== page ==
Archive for January, 2010

Spam Filtering by Learning a Pattern Language

Tuesday, January 26th, 2010

The New Scientist describes a new method for spam detection by learning patterns. This new method exploits the spammers most powerful weapon – the automatic generation of many, similar messages by automated means (i.e., some grammar in a formal language) – and turns it against them. The article reports that a pattern can reliably be learned from about 1000 examples captured from a bot, allowing the method to classify new messages accurately and with zero false positives. This sounds really exciting given my full spam-folder.

However, I’m a bit cautious. The article is a bit sparse on technical details, so I might make some wrong assumptions here. First, zero false positives reported is the discrimination of spam from that particular spam-grammar versus other messages. At least that’s how I understand it. Second, it seems from the article that they only learn from positive examples. Overall the technique sounds to me like they are learning a pattern language. Pattern languages are a class of grammars that overlap with linear and context-sensitive grammars (Chomsky hierarchy). Unfortunately they don’t have a real Wikipedia page so I’ll try to give a bit of background. The closest I can give for an example right now would be regular expressions with back-references. I’m not sure if this is an accurate description for all possible patterns, but it’s close enough for an example.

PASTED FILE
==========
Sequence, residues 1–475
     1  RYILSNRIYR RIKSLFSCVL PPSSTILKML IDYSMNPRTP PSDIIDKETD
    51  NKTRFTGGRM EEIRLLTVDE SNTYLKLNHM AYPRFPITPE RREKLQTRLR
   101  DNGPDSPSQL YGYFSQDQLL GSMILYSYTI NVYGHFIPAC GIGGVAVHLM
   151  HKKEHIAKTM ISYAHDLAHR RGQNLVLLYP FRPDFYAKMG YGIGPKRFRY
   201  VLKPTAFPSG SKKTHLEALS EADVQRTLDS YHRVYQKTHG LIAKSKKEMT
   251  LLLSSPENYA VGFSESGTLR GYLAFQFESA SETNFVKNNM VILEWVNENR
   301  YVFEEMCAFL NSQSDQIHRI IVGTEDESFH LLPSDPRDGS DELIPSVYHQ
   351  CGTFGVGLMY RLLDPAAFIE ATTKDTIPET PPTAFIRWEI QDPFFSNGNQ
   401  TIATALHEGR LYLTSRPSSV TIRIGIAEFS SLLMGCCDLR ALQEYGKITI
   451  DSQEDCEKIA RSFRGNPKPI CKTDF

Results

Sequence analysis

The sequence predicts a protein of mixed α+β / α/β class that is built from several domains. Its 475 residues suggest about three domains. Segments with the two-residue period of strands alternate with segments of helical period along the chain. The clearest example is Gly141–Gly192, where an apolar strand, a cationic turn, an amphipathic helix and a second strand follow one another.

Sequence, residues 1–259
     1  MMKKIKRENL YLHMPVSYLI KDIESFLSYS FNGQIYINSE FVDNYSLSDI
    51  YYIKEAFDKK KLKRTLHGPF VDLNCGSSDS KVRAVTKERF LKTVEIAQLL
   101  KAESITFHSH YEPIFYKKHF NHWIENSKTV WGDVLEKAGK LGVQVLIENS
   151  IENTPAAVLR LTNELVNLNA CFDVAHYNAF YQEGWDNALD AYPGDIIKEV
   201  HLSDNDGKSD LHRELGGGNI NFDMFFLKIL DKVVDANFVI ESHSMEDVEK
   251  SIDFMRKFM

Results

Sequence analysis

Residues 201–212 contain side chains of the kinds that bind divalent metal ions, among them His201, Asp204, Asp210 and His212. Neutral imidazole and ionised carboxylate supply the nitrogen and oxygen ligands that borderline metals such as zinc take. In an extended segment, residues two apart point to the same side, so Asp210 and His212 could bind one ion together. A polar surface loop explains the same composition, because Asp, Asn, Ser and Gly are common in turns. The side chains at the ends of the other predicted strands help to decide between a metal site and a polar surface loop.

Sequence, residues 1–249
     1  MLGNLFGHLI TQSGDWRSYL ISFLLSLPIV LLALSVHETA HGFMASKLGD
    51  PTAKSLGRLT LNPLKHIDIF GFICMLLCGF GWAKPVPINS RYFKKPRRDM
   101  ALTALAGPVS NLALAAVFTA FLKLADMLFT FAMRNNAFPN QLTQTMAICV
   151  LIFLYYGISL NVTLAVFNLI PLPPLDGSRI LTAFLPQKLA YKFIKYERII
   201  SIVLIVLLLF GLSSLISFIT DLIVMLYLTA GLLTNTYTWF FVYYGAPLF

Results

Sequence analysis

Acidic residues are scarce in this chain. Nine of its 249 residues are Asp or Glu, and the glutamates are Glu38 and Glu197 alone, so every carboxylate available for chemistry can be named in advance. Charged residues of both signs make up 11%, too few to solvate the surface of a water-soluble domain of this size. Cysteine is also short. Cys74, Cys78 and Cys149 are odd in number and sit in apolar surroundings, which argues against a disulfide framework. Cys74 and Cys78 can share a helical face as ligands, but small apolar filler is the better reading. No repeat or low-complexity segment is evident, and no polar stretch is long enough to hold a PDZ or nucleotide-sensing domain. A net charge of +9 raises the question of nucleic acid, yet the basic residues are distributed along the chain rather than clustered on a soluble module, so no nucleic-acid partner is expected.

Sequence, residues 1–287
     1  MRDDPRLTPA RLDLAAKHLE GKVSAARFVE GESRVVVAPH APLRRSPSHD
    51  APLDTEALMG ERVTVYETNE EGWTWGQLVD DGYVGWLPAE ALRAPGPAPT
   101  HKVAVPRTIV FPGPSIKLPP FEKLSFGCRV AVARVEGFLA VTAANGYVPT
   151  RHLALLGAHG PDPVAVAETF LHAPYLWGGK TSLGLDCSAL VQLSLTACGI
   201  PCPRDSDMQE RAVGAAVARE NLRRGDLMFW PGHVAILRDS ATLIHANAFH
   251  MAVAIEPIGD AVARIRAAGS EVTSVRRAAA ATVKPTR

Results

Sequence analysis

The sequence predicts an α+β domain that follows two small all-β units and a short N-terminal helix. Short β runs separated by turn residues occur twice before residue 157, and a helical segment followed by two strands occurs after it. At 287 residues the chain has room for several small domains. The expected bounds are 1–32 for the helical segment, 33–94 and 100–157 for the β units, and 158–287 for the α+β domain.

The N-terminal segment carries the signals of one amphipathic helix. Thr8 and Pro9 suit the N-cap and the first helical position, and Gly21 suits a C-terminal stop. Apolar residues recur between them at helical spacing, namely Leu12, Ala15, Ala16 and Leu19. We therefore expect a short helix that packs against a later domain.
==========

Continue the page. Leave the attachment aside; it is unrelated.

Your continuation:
I don’t know how the specific technique mentioned in the article works in detail, but I’ve learned two things about learning grammars from text: (a) we can’t learn all linear or context-sensitive languages, only all pattern language grammars; (b) learning patterns without negative examples leads to over-generalization really really fast.

While I haven’t worked with learning grammars in a long while, the only algorithm of which I’m aware is the Lange-Wiehagen algorithm (Steffen Lange and Rolf Wiehagen; Polynomial-time inference of arbitrary pattern languages. New Generation Computing, 8(4):361-370, 1991). This algorithm is not a consistent learner, but can learn all pattern languages in polynomial time. There might be better ones available by now, but learning grammars is not that popular in the machine learning community right now. I’m sure there are some other interesting applications besides spam filtering. Maybe it’s time for a revival.

Overall, it sounds like a promising new anti-spam technique, but I’d like to see some more realistic testing done. There are some obvious ways for spammers to make learning these patterns harder, but either way I’m curious – maybe the inventors of this technique discovered a better way to learn patterns? Maybe by using some problem-specific domain knowledge?

Strong profiling is not mathematically optimal for discovering rare malfeasors (on rare event detection)

Sunday, January 10th, 2010

Just in time for the latest Christmas terror scare, I came across an interesting paper: “Strong profiling is not mathematically optimal for discovering rare malfeasors” (William H. Press; PNAS 106(6), p. 1716-1719 In the paper, the author investigates whether profiling by nationality or ethnicity can be justified mathematically and tries to answer the question of how much screening must we do, on average, to catch the bad guys in the crowd. Rare events detection is hard as it is, and it’s interesting to see a look from the sampling perspective. It’s an interesting and short read. Long story short, it shows that using an indiscriminate feature like nationality or ethnicity is not optimal (as is any screening at least in proportion to a prior probability) and wastes resources.